Thinking about a senior living community?
Whether you’re exploring retirement ideas for you and your spouse, need a bit of assistance to maintain your independence, or searching for compassionate care for a spouse or parent with dementia, a senior living community can provide the solution you’re searching for.
Here are ten things you may not know about senior communities.
1. Senior Living? It’s Not What You Think
The biggest objection to a senior living community is “I don’t want to live in a nursing home.”
But senior apartments and retirement communities couldn’t be farther from this antiquated misconception.
Today’s communities are designed to meet the needs of seniors: physically, mentally, socially, and emotionally.
In many communities, that means beautiful decor, all the comforts of home, gourmet meals, onsite entertainment, opportunities for exercise, experienced and professional staff, and plenty of options for making connections and building relationships with peers.
A 2017 report from A Place for Mom found that the quality of the provider is the #1 priority for people looking for an independent or assisted living community, even above affordability and neighborhood.
Senior living communities are taking note. There are more quality communities available today than ever before.
The easiest way to see what a senior community is all about is to visit one for yourself.
Schedule a tour with a local community and see what it has to offer. In fact, go see a couple and find out which one appeals to you most.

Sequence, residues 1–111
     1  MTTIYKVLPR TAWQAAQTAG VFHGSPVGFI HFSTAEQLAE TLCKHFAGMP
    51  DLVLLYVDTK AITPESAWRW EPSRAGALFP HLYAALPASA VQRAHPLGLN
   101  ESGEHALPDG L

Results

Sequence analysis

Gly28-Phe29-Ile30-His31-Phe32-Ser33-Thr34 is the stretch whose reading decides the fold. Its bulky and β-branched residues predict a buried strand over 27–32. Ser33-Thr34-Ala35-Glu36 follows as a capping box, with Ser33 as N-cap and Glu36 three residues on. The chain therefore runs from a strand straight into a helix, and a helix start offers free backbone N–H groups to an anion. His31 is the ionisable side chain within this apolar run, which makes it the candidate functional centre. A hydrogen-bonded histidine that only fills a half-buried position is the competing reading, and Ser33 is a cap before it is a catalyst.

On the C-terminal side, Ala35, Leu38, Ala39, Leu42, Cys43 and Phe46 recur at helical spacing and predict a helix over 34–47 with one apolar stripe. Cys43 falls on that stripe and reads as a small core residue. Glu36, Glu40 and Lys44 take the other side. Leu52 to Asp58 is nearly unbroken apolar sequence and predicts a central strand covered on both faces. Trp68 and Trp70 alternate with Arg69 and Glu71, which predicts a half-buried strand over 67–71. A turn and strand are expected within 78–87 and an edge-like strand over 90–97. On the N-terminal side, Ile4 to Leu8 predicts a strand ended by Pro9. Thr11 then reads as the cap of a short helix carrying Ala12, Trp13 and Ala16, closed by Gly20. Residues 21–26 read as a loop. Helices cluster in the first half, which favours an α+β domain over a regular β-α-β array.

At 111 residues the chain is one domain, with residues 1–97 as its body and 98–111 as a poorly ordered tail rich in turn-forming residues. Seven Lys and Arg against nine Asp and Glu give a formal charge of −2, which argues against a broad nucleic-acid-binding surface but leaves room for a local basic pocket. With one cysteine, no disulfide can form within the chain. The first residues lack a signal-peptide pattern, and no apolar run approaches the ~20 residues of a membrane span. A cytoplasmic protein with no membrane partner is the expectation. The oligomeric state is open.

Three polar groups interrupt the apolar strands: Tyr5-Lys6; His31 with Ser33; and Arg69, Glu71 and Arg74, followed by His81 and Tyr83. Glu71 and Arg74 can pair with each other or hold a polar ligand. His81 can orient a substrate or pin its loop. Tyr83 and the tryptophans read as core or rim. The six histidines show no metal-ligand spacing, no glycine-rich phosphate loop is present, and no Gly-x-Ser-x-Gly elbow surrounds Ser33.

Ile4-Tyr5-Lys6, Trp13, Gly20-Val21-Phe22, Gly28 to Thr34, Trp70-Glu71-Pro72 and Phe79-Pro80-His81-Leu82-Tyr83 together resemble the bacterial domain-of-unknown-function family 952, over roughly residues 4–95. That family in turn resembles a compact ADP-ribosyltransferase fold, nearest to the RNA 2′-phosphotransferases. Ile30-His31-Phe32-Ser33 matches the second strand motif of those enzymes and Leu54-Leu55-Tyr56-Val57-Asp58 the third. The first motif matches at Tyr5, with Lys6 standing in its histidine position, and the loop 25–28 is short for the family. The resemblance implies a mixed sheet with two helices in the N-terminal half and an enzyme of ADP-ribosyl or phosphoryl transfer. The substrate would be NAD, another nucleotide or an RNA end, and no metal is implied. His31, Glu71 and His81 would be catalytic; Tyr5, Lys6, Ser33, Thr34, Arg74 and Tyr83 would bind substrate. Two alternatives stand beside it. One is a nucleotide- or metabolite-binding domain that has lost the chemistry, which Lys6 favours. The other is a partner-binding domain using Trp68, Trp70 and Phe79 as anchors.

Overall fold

2. Not All Communities are the Same
When you begin touring senior living communities, you’ll quickly realize that they’re not all the same.
Think of the number of hotel options you have when planning a trip. Some are basic and budget-friendly; they offer a bed to sleep in, a bathtub, toilet, coffee maker, and mini-fridge… and not much more.
Others are boutique hotels designed to provide an outstanding experience around every corner, from gourmet meals to delightful furnishings, desirable amenities, and exemplary service.
Just like you have your choice of hotels when traveling, you have a choice of senior apartment, too.
What’s more inline with your ideas of the future: basic, boutique, or something in between? There’s sure to be a senior community that will meet your specific wants and needs.
3. Couples are Welcome
Couples that stay together age together. But not always at the same rate, with the same conditions, or with the same needs. Does the decline in health of one spouse mean a separation is eminent?
Not within a senior living community.
Imagine your spouse has had a stroke or combination of chronic conditions. Even if you’re in good health, being the sole caregiver for your spouse could be difficult or downright impossible.